With the “soft” deadline for submitting proposals looming on Friday, United fans and the rest of football are waiting to see who will buy the club.
Only one public statement has been made so far, From businessman Sir Jim Ratcliffe, One of the richest men in Britain.
Qatar is expected to make a bid after days of rumors. The U.S. is expected to make at least two proposals, and Saudi Arabia has also expressed interest.
That means up to five parties could try to negotiate a full sale, while others want smaller investments in exchange for a partial takeover of the Old Trafford team.
Who has bid so far?
Despite signs that United have not attracted the interest their bosses had hoped for, insiders have told BBC Sport that the process is going well.
as they do in their Potential Sale Announcement In November, the Glazers were still considering “all strategic options” for the club, which could include new investments or other deals involving companies.
Lifelong Manchester United fan Ratcliffe, one of the richest men in Britain, His interest is said to be firm and the services of banking giants JPMorgan and Goldman Sachs are understood to have been hired to help him.
As with Chelsea, American interest will be backed by private equity. Bids from Qatar and Saudi Arabia are complicated by owning Paris Saint-Germain and Newcastle respectively.
What would Qatar’s bid look like?
US-based Raine Group, which is tasked with finding a new owner or investor, initially planned to make a final round of bidding in March.
Paris Saint-Germain chairman Nasser Khelaifi will be a key figure in any Qatar ownership bid, even though he may not be directly involved with the club.
Qatar Sports Investments (QSI), led by Al-Khelaifi considering the potential for a smaller stake in a Premier League club, This is allowed under UEFA rules preventing multi-club ownership. QSI already owns a minority stake in Portuguese side Braga.
However, given QSI’s ownership of PSG, it has no interest in selling and any full Qatar takeover of Manchester United would have to be done either privately or through a different organisation.
This could be the Qatar Investment Authority – a global investment platform whose portfolio includes London department store Harrods and the UK’s largest architectural Shard.
Even so, European governing body UEFA may need to change its dual-ownership rules, as many believe all of Qatar’s money is allocated from one central source.
As such, Al-Khelaifi could be the key to helping any bid go through.
Why is Al-Khelaifi the key?
Al-Khelafi, 49, took a more prominent place in football politics when he took office Refuse to free ride Paris Saint-Germain To the tide of the European Super League.
This decision is seen as one of the main reasons why UEFA was able to resist the plan.
Khelaifi has since taken over as president of the European Club Association and has developed a close relationship with UEFA president Aleksander Ceferin.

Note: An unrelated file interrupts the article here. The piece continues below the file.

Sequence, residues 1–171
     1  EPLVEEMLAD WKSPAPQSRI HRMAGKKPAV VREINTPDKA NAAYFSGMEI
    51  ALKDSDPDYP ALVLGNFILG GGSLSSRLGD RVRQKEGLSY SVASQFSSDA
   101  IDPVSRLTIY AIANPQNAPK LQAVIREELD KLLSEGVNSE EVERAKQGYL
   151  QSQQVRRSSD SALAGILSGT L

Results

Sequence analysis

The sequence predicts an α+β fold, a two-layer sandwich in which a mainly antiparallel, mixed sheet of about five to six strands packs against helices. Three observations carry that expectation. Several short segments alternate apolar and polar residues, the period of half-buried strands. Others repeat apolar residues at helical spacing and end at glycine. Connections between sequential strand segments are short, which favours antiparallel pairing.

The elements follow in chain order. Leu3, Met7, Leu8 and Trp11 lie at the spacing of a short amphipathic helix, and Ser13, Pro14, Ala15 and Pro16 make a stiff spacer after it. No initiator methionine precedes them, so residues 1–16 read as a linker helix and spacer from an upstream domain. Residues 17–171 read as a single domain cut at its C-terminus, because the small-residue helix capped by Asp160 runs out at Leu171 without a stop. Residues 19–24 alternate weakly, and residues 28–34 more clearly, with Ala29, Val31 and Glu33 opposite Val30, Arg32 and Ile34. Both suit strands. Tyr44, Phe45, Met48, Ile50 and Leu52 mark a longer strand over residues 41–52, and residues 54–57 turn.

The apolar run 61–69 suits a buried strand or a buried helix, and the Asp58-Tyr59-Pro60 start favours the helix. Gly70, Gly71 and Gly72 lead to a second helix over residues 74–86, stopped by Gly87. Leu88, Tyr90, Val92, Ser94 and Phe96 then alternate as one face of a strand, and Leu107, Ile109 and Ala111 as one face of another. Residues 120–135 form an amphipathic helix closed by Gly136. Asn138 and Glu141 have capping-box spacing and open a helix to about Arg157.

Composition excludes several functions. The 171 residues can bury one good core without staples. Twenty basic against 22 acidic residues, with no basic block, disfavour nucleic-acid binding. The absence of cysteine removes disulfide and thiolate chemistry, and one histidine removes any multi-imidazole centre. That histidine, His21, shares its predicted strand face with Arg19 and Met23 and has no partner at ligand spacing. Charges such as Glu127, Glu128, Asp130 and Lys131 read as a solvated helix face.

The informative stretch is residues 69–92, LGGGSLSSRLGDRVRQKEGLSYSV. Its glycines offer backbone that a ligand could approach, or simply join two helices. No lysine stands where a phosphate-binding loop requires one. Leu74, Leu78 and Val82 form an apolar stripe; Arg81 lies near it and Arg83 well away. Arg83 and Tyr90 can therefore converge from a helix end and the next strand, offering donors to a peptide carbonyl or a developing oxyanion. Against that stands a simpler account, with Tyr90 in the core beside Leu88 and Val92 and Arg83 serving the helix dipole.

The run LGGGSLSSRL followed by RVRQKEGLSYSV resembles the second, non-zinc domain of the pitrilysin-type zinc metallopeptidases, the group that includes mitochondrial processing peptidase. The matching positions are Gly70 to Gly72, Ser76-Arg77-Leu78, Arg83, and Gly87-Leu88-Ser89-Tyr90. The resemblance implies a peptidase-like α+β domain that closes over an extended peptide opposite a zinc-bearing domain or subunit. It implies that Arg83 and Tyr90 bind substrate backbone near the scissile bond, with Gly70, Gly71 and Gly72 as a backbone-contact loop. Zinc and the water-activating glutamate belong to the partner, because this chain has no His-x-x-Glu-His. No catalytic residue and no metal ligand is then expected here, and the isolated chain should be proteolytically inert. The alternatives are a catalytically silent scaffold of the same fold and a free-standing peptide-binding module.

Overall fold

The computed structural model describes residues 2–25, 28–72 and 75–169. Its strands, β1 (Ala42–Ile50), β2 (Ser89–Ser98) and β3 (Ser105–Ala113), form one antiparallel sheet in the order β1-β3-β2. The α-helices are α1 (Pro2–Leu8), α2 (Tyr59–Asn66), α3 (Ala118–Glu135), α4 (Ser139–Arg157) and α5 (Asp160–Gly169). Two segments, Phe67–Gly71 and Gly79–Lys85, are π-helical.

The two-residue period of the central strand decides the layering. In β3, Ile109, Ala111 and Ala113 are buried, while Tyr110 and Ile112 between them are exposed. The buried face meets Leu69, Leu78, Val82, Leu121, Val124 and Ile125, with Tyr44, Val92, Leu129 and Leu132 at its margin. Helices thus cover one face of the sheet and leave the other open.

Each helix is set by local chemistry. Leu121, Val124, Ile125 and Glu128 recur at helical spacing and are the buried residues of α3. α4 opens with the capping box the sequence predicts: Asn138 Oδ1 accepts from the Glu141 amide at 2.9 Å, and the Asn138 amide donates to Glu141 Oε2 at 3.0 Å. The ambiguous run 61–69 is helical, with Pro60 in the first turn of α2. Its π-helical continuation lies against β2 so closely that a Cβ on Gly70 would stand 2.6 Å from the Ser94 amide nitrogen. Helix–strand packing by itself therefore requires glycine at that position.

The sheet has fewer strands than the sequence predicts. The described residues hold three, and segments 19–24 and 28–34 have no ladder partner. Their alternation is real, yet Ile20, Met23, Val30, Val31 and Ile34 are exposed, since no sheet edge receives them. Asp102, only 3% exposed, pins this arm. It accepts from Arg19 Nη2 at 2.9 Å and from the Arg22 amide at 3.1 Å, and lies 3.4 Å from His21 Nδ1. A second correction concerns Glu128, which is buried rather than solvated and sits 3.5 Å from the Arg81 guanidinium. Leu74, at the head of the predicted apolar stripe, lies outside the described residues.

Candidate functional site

Without his knowledge, any offer from Qatar for United was deemed impossible.
United and Paris Saint-Germain are not playing in the same game this season, so any amendments to UEFA regulations that would allow Qatari ownership of Old Trafford would need to be activated by the end of July. It must then be approved by UEFA’s executive committee.
Concerns about Qatar’s involvement
The prospect of Qatar investing in a Premier League club – and the Gulf state owning two of Europe’s major teams – has raised concerns among some.
Human rights group Fair Square has written to Ceferin, copying Premier League chairman Richard Masters, “to highlight several serious concerns” following reports that “entities linked to the Qatari government are proposing bids that would see them To be able to get a controlling stake in Manchester United”.
The letter continued: “Under UEFA’s rules designed to protect the integrity of its competitions, we will urge UEFA to present a clear public position prohibiting any takeover of this nature.
“Any consortium of Qatari investors capable of making such an acquisition cannot convincingly demonstrate their independence from the Qatari government.”
A precedent for the Premier League is the Saudi Arabia-backed £305m takeover of Newcastle United in 2021, which was completed only after the league received “legally binding assurances” that the Saudi government would not take control of the club.
UEFA declined to comment, but recently expressed concern about the potential “significant threat” to the integrity of club competition from multi-club ownership.
In 2017, however, UEFA allowed RB Salzburg and RB Leipzig to play in the Champions League despite both clubs being closely linked with drinks giant Red Bull.
What’s happening now?
Neither Raine Group nor United are likely to make an official statement once the deadline has passed.
A full sale will be decided by the Glazer family. Co-chairs Joel and Avi Glazer have been seen as the family members most interested in retaining some interest.
The initial aim was to reach a deal by the end of March, but there was confidence from the start that it would be done by the end of the season.
None of the United officials have spoken publicly about the process, but in order of priority, chief executive Richard Arnold will answer investors’ questions when the club reports its second-quarter results sometime next month.